• Cooperative sector industries: Cooperative sector industries are owned and operated by the producers or suppliers of raw materials, workers, or both. They pool the resources and share the profits or losses proportionately. For example Sugar industry, coir industry, etc.

Based on the bulk and weight of raw material and finished goods:

  • Heavy industries such as iron and steel
  • Light industries that use light raw materials and produce light goods such as electrical goods industries.

Cotton Textile Industry

In the early years, the cotton textile industry was concentrated in the cotton-growing belt of Maharashtra and Gujarat because of availability of

  • raw cotton,
  • market,
  • transport including accessible port facilities,
  • labor,
  • moist climate, etc.

Jute Textiles

Factors responsible for their location in the Hugli basin are:

  • proximity of the jute-producing areas,
  • inexpensive water transport,
  • supported by a good network of railways, roadways, and waterways to facilitate the movement of raw materials to the mills,
  • abundant water for processing raw jute,
  • cheap labor from West Bengal and adjoining states of Bihar, Odisha, and Uttar Pradesh.
  • Kolkata as a large urban center provides banking, insurance, and port facilities for the export of jute goods.

Sugar Industries

In recent years, there has been a tendency for the mills to shift and concentrate in the southern and western states, especially in Maharashtra. This is because

  • The cane produced here has a higher sucrose content.
  • The cooler climate also ensures a longer crushing season.
  • The cooperatives are more successful in these states.

Iron and Steel Industry

Iron ore, coking coal, and limestone are required in a ratio of approximately 4 : 2 : 1. Some quantities of manganese, are also required to harden the steel.

Chhotanagpur plateau region has the maximum concentration of iron and steel industries because of:

  • low cost of iron ore,
  • high-grade raw materials in proximity,
  • cheap labor
  • vast growth potential in the home market.

Industrial Pollution and Environmental Degradation

Industries cause environmental degradation in the following ways:

  • Air pollution: High proportion of carbon dioxide, sulphur dioxide, and carbon monoxide create air pollution. Suspended particulate matters also create problems.
  • Water pollution: Organic and inorganic industrial wastes and effluents cause water pollution. Paper, pulp, chemicals, textiles, dyeing, petroleum refineries, etc. are the main culprits of water pollution.
  • Thermal pollution: Hot water from factories and thermal plants is drained into rivers and ponds before cooling.
  • Radioactive waste: wastes from nuclear power plants cause cancer, birth defects, miscarriages, etc.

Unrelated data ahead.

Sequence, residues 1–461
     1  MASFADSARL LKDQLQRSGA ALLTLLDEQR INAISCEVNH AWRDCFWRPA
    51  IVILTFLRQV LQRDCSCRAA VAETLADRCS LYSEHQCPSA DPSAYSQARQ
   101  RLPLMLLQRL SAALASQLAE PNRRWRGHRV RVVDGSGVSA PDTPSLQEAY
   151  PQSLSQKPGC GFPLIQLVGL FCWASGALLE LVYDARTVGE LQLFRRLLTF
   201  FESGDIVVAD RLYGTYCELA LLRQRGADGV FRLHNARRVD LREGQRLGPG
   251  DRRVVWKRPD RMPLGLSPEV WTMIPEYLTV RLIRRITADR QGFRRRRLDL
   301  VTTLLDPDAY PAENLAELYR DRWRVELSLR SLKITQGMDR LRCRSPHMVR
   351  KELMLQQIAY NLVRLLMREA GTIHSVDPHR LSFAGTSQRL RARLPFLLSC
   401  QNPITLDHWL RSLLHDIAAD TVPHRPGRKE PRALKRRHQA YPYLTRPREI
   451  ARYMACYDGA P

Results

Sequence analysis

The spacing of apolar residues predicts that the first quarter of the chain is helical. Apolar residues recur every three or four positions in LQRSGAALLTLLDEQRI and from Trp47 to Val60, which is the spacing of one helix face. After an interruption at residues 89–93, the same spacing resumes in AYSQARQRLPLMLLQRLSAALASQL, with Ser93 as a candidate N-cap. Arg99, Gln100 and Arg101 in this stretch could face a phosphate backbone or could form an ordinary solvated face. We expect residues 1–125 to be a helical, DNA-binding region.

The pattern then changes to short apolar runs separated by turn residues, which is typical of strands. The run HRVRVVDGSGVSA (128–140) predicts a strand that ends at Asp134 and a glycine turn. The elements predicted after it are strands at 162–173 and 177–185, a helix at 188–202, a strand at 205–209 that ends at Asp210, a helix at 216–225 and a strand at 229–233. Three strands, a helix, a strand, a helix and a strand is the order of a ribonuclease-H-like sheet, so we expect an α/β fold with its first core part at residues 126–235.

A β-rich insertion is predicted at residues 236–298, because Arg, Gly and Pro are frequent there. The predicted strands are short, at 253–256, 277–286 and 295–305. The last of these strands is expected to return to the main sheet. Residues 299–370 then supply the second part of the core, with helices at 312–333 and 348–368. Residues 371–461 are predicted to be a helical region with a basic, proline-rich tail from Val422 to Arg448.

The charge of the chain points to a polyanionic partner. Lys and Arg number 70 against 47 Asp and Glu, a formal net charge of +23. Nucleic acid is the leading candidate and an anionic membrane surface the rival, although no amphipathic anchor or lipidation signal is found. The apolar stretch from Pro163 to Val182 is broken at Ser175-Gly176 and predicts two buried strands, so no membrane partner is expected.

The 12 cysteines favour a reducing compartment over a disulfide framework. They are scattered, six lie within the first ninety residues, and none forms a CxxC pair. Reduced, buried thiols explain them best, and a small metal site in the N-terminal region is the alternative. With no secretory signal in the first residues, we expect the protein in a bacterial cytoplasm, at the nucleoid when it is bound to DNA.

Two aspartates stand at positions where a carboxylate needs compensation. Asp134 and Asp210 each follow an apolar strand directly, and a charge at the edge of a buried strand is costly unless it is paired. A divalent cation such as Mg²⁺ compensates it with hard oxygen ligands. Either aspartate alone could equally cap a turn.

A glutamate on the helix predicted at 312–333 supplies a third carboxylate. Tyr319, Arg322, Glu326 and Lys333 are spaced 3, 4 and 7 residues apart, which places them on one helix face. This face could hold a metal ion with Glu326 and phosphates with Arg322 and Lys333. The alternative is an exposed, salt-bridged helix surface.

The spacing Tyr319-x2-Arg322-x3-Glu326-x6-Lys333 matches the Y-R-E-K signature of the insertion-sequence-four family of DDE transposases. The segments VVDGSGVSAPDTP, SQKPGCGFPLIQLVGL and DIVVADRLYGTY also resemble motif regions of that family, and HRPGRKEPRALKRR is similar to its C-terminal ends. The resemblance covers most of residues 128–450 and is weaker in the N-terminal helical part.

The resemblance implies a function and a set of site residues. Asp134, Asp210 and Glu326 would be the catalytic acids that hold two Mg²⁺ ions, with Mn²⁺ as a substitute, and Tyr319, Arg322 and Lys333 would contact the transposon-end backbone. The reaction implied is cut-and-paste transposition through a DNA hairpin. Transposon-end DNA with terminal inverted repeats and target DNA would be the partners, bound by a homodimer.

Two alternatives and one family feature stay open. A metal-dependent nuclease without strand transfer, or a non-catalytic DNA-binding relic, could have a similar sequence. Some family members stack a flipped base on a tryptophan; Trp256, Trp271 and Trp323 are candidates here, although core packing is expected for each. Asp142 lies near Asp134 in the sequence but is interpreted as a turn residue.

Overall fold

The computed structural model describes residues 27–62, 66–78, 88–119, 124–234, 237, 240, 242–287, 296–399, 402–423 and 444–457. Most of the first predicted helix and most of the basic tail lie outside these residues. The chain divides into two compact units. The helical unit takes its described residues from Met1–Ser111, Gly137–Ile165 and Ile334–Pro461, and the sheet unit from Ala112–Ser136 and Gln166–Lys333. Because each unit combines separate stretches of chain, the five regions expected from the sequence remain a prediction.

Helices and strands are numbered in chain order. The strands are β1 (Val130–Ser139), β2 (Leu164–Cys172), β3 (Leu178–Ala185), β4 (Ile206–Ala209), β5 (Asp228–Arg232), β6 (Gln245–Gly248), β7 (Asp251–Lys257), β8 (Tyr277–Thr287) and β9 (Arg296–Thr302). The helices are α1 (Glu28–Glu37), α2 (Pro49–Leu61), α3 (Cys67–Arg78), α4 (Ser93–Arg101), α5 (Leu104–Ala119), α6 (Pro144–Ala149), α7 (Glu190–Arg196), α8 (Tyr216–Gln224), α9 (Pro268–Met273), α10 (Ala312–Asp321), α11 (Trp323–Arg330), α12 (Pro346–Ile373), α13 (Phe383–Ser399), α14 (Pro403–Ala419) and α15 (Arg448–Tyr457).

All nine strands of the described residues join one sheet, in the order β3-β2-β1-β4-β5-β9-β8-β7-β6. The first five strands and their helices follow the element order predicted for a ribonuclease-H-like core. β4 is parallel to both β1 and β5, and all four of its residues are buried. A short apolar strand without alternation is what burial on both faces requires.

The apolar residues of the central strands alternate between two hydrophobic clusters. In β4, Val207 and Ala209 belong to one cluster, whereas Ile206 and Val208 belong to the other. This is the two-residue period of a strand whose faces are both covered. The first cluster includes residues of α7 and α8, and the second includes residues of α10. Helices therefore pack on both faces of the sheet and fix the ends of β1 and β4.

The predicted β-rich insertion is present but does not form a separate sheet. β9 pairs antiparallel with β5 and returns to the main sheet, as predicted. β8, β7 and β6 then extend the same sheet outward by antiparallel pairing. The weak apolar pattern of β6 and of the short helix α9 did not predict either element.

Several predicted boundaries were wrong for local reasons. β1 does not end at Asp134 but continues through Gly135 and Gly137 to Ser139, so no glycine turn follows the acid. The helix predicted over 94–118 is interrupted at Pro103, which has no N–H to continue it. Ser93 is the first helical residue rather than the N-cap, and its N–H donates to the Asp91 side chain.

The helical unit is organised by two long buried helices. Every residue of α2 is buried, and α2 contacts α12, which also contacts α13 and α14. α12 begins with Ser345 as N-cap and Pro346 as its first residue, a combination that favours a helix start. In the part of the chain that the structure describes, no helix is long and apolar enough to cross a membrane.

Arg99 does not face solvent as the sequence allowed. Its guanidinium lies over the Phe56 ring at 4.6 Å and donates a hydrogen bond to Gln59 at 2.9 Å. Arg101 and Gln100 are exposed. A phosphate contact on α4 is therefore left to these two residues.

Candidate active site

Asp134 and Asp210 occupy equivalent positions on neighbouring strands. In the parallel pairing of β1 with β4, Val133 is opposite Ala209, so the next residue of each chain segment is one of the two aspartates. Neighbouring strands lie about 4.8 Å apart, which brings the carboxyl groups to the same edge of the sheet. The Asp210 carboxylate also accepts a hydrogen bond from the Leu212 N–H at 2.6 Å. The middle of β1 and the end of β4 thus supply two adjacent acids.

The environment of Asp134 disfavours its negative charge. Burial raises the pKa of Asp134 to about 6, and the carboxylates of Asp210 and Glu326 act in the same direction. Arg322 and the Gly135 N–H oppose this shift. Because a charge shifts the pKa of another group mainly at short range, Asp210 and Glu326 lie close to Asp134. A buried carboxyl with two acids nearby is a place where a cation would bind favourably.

• Noise pollution: Results in irritation, hypertension, and hearing impairment.

Control of Environmental Degradation

Ways to prevent environmental degradation by industries:

  • Water should be reused and recycled in the industry. This will help in minimizing the use of fresh water.
  • Rainwater harvesting should be promoted.
  • Hot water and effluents should be treated before being released into rivers and ponds.
  • Overdrawing of groundwater needs to be regulated legally.
  • Particulate matter in the air can be reduced by fitting smoke stacks into factories with electrostatic precipitators, fabric filters, etc.
  • Smoke can be reduced by using oil or gas instead of coal in factories.
  • Machinery and generators should be fitted with silencers.
Must Read: Manufacturing Industries Class 10 Important Questions & Answers
Manufacturing Industries Class 10 NCERT Underlined PDF
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Must Read:
Class 10 Revision Notes
Class 10 Important Questions

Hope you liked these Notes on Chapter 6 Manufacturing Industries Class 10 Geography. Please share this with your friends and do comment if you have any doubts/suggestions to share.

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9 thoughts on “Manufacturing Industries: Your Comprehensive Class 10 Notes Guide”

    1. Also i am a board student but I never realised that thi guidance improve myself to way of education so I wish that all the students of class 10 will be seriously and close her/his room and keep continue study and faith to get best marks in the exam.
      Suraj Singh add mirzapur Rosera (Samastipur ) (Bihar)

  1. The schools will say study ncert only but not at this moment because these notes are the best to ace and revise the topic. Tremendous 🤩 notes provided by Cbse guidance web.

  2. Shravya Ayyagari

    The concept of aluminium smelting, chemical industries, fertilizer industries, cement industries,automobile industry, IT industry aren’t there